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Yakut Shaman Who Wanted 'To Drive Putin Out Of Kremlin' Found Mentally Unfit


Before he was detained, Yakut shaman Aleksandr Gabyshev had been walking to Moscow to "exorcise" President Vladimir Putin.

A psychiatric examination has determined that a Yakut shaman who was detained last month while walking from Siberia toward Moscow with the declared aim of "driving [President Vladimir] Putin out of the Kremlin" is mentally unfit to face trial.

A human rights coordinator at opposition group Open Russia, Valentina Dekhtyarenko, told RFE/RL on October 3 that Aleksandr Gabyshev's lawyers want their client to be examined by independent psychiatrists.

Experts with whom the group spoke said they doubted the official psychiatric exam’s results, while Dekhtyarenko said she was promised access to the exam’s findings by October 5.

Although Gabyshev is a suspect in a criminal case, he has not been officially charged with any crimes yet, but was ordered not to leave his native city of Yakutsk, she said.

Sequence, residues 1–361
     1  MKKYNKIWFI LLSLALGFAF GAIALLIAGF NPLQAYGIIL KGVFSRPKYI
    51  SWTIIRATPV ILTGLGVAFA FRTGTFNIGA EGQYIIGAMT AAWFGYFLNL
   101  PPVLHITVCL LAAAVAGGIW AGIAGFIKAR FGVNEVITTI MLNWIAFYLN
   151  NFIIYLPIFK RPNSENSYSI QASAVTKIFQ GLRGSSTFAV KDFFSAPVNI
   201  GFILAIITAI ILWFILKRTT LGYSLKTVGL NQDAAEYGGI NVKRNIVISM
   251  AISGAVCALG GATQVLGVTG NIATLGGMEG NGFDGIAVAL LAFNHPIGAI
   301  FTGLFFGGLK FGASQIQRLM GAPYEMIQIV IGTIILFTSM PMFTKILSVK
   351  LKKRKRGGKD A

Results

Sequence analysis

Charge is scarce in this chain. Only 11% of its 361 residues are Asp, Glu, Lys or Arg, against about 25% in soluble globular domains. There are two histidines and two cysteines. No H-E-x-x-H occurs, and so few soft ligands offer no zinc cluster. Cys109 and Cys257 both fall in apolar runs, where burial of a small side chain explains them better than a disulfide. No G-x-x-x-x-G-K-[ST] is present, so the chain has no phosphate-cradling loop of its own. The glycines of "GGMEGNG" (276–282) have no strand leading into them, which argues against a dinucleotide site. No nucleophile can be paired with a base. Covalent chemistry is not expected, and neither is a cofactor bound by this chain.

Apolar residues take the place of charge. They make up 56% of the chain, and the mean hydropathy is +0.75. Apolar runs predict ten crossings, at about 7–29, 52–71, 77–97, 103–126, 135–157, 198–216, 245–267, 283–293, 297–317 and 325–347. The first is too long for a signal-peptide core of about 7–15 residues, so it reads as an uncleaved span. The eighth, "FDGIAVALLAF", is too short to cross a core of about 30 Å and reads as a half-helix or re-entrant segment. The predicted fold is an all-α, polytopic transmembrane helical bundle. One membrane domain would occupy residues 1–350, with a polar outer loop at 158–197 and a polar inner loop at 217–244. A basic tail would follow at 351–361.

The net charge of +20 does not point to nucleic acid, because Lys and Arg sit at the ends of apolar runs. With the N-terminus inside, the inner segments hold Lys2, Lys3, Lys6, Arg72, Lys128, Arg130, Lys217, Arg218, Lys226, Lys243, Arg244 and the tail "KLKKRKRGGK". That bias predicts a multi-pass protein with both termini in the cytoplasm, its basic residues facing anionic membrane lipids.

Gabyshev had covered more than 2,000 kilometers by foot since his journey began in March, speaking with hundreds of people along the way.

As his profile rose, videos of his conversations with people appeared on social media, attracting millions of views.

Shaman On 8,000-Kilometer Trek 'To Topple Putin'
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In July, when reaching the city of Chita, Gabyshev gathered some 700 people under the slogan "Russia without Putin!" The shaman said that "God told me Putin is not a human, but instead a demon and has ordered me to drive him out."

On September 19, dozens of masked and armed special police force troops detained Gabyshev in the Siberian region of Buryatia. The authorities later transferred him to his native Yakutia, where he was first placed in a psychiatric clinic and later released.

Shaman On Trek 'To Topple Putin' Seized By Masked Men
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Gabyshev was told he was suspected of inciting extremism among Russian citizens and ordered not to leave Yakutia's capital, Yakutsk.

Shamans have served as healers and diviners in Siberia for centuries. During the Soviet age of "science and reason," the mystical figures were harshly repressed. But in isolated regions of Siberia, they are regaining importance.

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